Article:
Word Ways


A. Ross Eckler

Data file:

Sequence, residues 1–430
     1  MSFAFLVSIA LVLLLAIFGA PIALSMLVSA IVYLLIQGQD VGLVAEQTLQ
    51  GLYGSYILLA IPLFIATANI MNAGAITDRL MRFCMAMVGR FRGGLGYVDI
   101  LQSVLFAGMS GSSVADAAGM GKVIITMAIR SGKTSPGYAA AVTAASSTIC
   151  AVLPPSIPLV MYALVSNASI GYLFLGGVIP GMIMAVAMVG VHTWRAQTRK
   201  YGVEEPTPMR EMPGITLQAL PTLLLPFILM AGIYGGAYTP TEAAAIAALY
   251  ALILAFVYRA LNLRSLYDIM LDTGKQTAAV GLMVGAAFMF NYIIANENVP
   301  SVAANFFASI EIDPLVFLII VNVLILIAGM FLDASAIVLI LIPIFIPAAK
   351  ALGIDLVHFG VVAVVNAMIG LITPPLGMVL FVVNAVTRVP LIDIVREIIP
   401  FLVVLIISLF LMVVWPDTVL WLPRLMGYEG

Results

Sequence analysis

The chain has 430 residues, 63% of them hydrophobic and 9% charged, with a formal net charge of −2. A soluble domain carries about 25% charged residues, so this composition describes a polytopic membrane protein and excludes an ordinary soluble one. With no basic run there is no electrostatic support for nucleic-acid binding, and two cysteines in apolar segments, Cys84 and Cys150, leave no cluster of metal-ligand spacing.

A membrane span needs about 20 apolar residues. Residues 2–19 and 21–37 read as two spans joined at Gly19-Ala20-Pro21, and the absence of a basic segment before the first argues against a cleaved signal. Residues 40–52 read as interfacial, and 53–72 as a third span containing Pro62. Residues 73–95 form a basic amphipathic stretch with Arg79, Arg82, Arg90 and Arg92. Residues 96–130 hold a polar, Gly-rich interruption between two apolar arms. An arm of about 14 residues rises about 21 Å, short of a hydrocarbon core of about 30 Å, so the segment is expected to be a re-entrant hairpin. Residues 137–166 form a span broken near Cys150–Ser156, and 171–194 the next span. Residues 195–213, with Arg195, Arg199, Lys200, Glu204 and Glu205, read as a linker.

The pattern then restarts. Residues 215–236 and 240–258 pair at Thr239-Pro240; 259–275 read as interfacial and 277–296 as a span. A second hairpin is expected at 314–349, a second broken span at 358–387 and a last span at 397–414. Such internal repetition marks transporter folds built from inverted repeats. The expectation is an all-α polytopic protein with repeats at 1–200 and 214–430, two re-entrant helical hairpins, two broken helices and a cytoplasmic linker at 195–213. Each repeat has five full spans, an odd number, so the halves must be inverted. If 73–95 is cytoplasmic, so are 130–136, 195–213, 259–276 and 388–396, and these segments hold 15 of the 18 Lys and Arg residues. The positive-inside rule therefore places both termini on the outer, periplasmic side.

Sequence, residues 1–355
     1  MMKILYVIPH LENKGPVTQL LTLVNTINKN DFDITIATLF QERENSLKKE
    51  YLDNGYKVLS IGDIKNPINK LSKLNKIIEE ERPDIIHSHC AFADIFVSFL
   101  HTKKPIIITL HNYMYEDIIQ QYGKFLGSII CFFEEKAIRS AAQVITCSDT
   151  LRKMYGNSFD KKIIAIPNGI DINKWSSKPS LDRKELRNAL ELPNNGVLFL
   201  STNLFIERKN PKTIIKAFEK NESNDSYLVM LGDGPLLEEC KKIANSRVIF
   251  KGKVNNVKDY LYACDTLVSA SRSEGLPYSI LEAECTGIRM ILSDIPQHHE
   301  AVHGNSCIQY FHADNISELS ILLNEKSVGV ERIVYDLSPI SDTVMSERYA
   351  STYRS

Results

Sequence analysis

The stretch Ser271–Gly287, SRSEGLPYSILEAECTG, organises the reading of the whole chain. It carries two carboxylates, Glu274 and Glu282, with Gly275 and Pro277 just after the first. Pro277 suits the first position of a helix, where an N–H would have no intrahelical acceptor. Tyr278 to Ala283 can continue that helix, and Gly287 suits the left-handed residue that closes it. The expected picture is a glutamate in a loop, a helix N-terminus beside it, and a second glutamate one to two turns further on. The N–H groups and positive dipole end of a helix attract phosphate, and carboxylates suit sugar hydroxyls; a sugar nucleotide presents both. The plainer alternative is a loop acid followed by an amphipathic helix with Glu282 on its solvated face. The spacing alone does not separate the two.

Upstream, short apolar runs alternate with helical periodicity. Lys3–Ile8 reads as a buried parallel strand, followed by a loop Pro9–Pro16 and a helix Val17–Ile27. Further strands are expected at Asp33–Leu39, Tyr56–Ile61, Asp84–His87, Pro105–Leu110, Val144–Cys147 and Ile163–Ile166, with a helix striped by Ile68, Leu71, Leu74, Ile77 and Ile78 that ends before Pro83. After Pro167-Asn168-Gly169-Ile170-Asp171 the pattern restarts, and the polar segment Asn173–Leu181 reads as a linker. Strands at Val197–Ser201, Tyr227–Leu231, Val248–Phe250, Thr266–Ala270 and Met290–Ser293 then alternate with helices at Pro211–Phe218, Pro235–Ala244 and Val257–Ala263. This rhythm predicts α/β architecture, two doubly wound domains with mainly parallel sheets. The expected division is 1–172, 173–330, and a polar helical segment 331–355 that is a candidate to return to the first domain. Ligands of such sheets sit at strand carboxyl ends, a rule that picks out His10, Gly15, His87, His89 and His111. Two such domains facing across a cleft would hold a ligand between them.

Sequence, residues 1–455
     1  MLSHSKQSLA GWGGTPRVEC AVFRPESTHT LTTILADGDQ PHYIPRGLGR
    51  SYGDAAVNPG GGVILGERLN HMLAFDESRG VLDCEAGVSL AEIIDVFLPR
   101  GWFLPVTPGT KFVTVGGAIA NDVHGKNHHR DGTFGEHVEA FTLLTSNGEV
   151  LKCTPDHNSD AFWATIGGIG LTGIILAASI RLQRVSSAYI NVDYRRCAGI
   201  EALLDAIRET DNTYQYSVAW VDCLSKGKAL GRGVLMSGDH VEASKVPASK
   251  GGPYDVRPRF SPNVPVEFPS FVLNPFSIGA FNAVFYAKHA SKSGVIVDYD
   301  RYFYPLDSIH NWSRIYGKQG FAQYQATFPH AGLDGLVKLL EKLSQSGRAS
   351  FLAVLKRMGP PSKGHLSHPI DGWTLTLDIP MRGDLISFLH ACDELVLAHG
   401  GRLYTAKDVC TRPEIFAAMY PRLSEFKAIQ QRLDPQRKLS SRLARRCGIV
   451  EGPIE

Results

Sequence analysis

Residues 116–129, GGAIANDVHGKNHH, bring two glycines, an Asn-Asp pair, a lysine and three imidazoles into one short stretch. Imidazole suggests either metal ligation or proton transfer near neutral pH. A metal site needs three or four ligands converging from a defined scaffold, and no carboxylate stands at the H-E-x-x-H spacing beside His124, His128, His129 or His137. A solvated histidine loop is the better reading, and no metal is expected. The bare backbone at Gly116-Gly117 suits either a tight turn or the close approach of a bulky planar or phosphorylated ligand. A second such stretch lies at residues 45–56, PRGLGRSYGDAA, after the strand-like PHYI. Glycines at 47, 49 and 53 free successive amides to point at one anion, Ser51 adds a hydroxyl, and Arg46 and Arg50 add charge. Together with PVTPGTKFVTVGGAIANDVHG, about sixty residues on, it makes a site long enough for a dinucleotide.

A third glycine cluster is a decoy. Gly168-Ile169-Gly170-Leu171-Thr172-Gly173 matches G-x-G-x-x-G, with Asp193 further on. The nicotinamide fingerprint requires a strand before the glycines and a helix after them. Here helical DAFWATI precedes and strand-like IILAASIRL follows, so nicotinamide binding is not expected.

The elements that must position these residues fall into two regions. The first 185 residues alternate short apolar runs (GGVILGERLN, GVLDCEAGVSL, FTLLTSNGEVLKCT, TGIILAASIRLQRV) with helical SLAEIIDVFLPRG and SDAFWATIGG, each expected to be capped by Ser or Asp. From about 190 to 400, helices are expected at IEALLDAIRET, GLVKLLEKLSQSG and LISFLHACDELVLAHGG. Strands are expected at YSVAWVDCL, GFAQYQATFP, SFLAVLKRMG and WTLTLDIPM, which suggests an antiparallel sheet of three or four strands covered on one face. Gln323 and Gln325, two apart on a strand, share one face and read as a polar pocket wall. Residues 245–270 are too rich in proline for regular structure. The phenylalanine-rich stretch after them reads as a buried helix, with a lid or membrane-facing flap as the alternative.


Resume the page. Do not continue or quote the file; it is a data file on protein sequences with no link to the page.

Long transposal pairs, especially those in which the letters of one word must be thoroughly rearranged to form the other, have always fascinated logologists; in the February 1976 issue of Word Ways, I presented a list of well-mixed transposal pairs of 13 letters or more. A well-mixed transposal pair is defined as one in which at most three consecutive letters in one word appear in the other; for example, both words of the 17-letter transposal pair baSIPaRACHromATin - marSIPobRAnCHiATa contain the trigram SIP and the bigrams CH, RA and AT, but no others. This transposal pair, discovered by Charles Holding and first appearing in The Enigma in 1972, is the longest well-mixed one known; in fact, the February 1976 article and the May 1976 Colloquy listed no 16-letter well-mixed pairs, four 15-letter well-mixed pairs, and eleven 14-letter well-mixed pairs. Since then, John Edward Ogden discovered in 1978 the 16-letter well-mixed pair HEmatocrySTaLLin - tHErmonaSTicaLLy, with three bigrams HE, ST and LL; furthermore, a well-known 15-letter well-mixed pair can be pluralized to obtain megachiropteRAns - cinematogRAphers.